I should not have to explain this to anyone that is serious about home construction for prepping, but for the rest of you, a concrete/cement home could be what you are looking for in your home, bunker, shelter, or root cellar. It is strong, durable, and resistant to a lot of the common ailments of modern day construction.
Many buildings that were constructed with concrete or stone in Roman Empire Days are still standing… to some extent.
So, continue reading to see if building your home with concrete is the best thing to do as a prepper. You will learn the advantages AND disadvantages of concrete and new reinforced concrete concepts available these days.
Concrete is extremely strong and can be made stronger by reinforcing it. It can actually harden and gain strength over time. Moisture, Mold, and Pests don’t usually weaken it. A concrete home would double as a storm shelter.
Almost no maintenance is required for painted cement.
This is always a great thing to have in a home… natural fire resistance. Fires in the home can be fairly well-contained if one starts.
First, cement takes a while for the outside temperatures to affect it. This reduces temperature swings. This is the same concept used in rocket mass heaters. You may be able to reduce energy use by more than 15%.
Cement has reflective properties that will reflect more of the light energy than absorbing it. This means less cooling required. Now think if you painted it white…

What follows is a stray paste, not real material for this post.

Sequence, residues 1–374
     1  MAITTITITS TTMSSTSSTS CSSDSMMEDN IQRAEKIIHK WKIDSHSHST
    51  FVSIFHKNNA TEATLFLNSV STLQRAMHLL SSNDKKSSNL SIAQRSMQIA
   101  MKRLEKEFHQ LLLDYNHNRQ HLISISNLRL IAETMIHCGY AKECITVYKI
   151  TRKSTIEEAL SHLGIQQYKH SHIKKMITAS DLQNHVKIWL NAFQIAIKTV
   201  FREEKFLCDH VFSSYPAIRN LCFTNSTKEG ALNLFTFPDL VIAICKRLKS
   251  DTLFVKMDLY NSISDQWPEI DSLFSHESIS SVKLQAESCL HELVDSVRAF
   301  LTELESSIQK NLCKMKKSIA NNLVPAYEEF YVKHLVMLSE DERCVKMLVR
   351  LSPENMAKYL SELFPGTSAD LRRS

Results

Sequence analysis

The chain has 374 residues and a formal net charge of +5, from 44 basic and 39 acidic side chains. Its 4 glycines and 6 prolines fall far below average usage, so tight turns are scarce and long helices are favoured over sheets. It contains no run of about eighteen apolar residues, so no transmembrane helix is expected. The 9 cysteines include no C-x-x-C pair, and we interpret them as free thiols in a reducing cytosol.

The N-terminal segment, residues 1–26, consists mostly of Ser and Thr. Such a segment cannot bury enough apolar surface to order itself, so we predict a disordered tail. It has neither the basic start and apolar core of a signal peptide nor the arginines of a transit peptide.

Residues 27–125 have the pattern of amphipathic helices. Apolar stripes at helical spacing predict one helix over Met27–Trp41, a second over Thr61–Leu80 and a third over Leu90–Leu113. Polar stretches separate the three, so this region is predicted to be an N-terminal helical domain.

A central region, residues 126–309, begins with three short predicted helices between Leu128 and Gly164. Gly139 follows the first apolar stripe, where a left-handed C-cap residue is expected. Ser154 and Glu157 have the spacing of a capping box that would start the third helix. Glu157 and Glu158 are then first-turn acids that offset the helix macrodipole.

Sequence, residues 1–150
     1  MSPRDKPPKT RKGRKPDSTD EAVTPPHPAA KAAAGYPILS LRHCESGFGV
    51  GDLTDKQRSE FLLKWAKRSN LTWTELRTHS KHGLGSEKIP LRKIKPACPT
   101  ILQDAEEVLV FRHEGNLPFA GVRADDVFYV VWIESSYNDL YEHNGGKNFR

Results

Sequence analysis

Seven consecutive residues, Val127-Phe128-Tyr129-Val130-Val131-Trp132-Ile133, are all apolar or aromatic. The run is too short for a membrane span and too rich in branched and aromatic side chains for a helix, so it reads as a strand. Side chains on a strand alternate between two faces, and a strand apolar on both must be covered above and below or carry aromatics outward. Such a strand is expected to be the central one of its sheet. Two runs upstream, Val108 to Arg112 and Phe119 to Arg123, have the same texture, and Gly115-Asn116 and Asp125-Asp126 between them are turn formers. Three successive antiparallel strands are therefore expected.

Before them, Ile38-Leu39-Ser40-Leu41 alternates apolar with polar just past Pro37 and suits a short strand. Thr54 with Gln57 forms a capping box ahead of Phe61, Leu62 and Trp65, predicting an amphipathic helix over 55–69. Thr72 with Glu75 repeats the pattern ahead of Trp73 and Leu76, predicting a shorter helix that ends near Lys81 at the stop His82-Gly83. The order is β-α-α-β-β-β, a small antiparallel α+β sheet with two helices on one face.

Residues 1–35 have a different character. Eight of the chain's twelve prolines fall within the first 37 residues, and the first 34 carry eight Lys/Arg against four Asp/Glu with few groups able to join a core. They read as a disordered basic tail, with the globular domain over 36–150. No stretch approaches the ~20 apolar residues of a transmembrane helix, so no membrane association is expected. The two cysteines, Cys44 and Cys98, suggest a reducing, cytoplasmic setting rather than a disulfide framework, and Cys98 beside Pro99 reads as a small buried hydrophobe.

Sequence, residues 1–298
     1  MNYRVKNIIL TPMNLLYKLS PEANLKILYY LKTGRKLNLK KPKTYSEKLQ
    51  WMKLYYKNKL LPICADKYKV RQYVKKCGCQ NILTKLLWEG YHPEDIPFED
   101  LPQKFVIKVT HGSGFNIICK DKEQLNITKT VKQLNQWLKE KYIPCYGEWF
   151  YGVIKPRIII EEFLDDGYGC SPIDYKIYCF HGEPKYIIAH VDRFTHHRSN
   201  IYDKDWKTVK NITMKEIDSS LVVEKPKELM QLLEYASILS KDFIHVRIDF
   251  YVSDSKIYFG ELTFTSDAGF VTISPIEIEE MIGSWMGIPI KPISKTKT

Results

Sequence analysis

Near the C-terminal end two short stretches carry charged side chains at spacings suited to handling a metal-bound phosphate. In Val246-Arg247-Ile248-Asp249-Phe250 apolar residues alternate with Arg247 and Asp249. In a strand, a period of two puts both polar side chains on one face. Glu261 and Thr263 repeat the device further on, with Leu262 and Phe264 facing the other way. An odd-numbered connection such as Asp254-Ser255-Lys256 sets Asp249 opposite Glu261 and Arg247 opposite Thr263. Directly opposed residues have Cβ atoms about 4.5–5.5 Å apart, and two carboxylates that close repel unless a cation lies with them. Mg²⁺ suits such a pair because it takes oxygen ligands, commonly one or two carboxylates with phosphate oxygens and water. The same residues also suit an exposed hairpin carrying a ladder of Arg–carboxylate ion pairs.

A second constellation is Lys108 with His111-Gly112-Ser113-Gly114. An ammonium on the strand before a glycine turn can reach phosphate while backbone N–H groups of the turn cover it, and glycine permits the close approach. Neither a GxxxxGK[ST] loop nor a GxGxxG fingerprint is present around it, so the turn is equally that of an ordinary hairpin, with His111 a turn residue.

You can reduce the sound penetrating the wall more than 80%. Ahh silence.
This is a technology that adds more insulation value to the walls and makes pouring faster, thereby making construction easier.
The cost of construction is more than wood by about 1-8%
With ICFs, concrete requires less skill from the builder than it used to but it still takes longer to pour and form a home than it does to nail together a wood-frame house.
The only real option to finish cement is to add a stucco exterior. They still look institutional. With the total cost, adding siding to the home to make it pleasing to the eye, will raise costs again.
Cement walls are hard to knock down. Cutting more windows it expensive and labor intensive.
Concrete is Hard and Strong, but it is more brittle and less ductile (stretch before break) than other materials. This means that if the design doesn’t take this into account, it can crack and give under tensile stress.
Take the benefits of typical concrete and make it lightweight with better thermal properties and sound insulation. The cement is more durable and 66% the weight of regular cement and in the case of foamed or aerated concrete, the weight could be even less.
Quick drying concrete can shorten construction by 30%
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